Please click here for full U.S. Prescribing Information for Fabrazyme.
(imiglucerase for injection)
Cerezyme® (imiglucerase for injection) is indicated for long-term enzyme replacement therapy for pediatric and adult patients with a confirmed diagnosis of Type 1 Gaucher disease that results in one or more of the following conditions: anemia, thrombocytopenia, bone disease, and hepatomegaly or splenomegaly.
Important Safety Information About CEREZYME ® (imiglucerase for injection)
Approximately 15% of patients have developed IgG antibodies to Cerezyme during the first year of therapy. Approximately 46% of patients with detectable IgG antibodies experienced symptoms of hypersensitivity, and these patients have a higher risk of hypersensitivity. It is suggested that patients be monitored periodically for IgG antibody formation during the first year of treatment.
Hypersensitivity has also been observed in patients without detectable IgG antibodies. Symptoms suggestive of hypersensitivity have been noted in approximately 6.6% of all patients, and anaphylactoid reactions in less than 1%. Treatment with Cerezyme should be approached with caution in patients who have exhibited hypersensitivity symptoms such as pruritus, flushing, urticarial, angioedema, chest discomfort, dyspnea, coughing, cyanosis, and hypotension. Pre-treatment with antihistamines and/or corticosteroids and a reduced rate of infusion may allow continued treatment in most patients.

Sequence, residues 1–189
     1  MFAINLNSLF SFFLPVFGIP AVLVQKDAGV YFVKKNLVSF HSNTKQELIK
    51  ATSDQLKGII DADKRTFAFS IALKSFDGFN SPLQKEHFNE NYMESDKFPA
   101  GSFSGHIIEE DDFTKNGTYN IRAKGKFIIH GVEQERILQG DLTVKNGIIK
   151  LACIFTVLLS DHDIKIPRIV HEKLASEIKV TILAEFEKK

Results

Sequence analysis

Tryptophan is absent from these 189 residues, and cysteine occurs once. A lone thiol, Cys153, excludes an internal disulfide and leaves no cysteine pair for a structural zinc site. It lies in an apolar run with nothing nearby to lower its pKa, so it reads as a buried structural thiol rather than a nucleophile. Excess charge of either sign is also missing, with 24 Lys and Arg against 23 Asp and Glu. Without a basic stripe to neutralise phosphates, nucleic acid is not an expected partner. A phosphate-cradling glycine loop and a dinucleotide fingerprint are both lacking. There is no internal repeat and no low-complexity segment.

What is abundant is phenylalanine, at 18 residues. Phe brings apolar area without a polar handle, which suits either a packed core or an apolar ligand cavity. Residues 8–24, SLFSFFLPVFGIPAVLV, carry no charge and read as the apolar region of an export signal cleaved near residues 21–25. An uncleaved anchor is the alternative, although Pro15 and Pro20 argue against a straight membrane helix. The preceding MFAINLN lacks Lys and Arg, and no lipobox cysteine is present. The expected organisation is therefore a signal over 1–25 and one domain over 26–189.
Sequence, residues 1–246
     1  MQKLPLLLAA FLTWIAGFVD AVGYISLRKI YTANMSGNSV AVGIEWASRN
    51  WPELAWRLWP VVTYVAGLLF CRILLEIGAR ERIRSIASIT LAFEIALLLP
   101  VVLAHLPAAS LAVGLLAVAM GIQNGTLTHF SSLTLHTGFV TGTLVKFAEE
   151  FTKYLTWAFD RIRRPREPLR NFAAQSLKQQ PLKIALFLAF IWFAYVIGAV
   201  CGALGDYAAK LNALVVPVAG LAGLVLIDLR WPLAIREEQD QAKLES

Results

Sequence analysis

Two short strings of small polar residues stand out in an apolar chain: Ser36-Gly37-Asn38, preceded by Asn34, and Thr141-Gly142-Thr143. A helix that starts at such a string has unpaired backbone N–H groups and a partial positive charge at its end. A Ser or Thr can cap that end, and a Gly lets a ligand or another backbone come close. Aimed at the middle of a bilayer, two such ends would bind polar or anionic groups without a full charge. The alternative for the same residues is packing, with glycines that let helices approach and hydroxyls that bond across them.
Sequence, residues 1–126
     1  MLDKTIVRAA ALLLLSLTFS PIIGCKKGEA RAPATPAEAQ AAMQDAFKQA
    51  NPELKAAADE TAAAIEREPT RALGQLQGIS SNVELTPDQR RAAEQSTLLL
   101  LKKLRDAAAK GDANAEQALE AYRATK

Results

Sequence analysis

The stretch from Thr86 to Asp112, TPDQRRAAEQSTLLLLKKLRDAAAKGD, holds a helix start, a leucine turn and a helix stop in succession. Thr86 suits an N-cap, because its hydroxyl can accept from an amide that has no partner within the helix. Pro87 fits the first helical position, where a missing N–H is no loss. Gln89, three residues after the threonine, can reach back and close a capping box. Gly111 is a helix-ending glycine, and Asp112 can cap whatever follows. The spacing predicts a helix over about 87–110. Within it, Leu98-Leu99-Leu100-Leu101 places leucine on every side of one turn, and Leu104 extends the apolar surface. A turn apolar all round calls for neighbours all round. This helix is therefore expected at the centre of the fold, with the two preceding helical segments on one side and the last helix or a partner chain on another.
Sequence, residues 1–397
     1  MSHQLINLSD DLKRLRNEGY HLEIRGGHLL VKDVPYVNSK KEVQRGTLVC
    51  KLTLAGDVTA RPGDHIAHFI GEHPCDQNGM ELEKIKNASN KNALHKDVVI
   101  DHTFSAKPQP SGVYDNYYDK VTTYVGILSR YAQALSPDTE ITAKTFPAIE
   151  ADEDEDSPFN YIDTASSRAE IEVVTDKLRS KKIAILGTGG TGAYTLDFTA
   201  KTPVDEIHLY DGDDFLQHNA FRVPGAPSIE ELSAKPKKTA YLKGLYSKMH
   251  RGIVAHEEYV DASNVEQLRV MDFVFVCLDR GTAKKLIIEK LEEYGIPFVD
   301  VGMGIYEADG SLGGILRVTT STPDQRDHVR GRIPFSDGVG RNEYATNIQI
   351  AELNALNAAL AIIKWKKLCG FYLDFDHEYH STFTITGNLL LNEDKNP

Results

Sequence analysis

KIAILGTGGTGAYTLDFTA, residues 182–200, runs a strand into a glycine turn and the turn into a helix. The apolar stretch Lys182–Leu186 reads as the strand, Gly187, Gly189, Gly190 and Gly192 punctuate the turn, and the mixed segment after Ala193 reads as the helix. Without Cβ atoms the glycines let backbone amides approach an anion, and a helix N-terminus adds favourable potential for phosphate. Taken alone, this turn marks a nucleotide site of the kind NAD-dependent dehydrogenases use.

In less than 1% of patients, pulmonary hypertension and pneumonia have been observed during treatment with Cerezyme. These are known complications of Gaucher disease regardless of treatment. Patients with respiratory symptoms in the absence of fever should be evaluated for the presence of pulmonary hypertension.
Approximately 13.8% of patients have experienced adverse events related to treatment with Cerezyme. Some of these are injection site reactions such as discomfort, pruritus, burning, swelling or sterile abscess at the site at the site of venipuncture. Additional adverse reactions that have been reported include nausea, abdominal pain, vomiting, diarrhea, rash, fatigue, headache, fever, dizziness, chills, backache, and tachycardia. Transient peripheral edema has also been reported for this therapeutic class of drug.
Please click here for full U.S. Prescribing Information for Cerezyme.
CERDELGA (eliglustat) capsules are indicated for the long-term treatment of adults with Gaucher disease type 1 (GD1) who are CYP2D6 extensive metabolizers (EMs), intermediate metabolizers (IMs), or poor metabolizers (PMs) as detected by an FDA-cleared test. Patients who are CYP2D6 ultra-rapid metabolizers (URMs) may not achieve adequate concentrations of CERDELGA to achieve a therapeutic effect. A specific dose cannot be recommended for those patients whose CYP2D6 genotype cannot be determined (indeterminate metabolizers)